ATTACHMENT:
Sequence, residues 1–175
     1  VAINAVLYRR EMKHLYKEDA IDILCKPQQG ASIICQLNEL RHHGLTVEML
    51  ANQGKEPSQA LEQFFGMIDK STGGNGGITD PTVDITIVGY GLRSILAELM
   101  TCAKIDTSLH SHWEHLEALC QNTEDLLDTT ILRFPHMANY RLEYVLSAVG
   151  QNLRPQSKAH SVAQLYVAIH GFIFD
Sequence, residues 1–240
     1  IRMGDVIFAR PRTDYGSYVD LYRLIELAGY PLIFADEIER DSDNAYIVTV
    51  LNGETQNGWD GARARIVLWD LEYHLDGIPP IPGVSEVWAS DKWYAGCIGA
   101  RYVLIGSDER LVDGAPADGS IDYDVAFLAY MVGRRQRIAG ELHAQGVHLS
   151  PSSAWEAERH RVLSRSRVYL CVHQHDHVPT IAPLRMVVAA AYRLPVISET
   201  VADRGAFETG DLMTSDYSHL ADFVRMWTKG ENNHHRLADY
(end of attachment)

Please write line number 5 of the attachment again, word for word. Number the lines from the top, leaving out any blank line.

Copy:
   151  QNLRPQSKAH SVAQLYVAIH GFIFD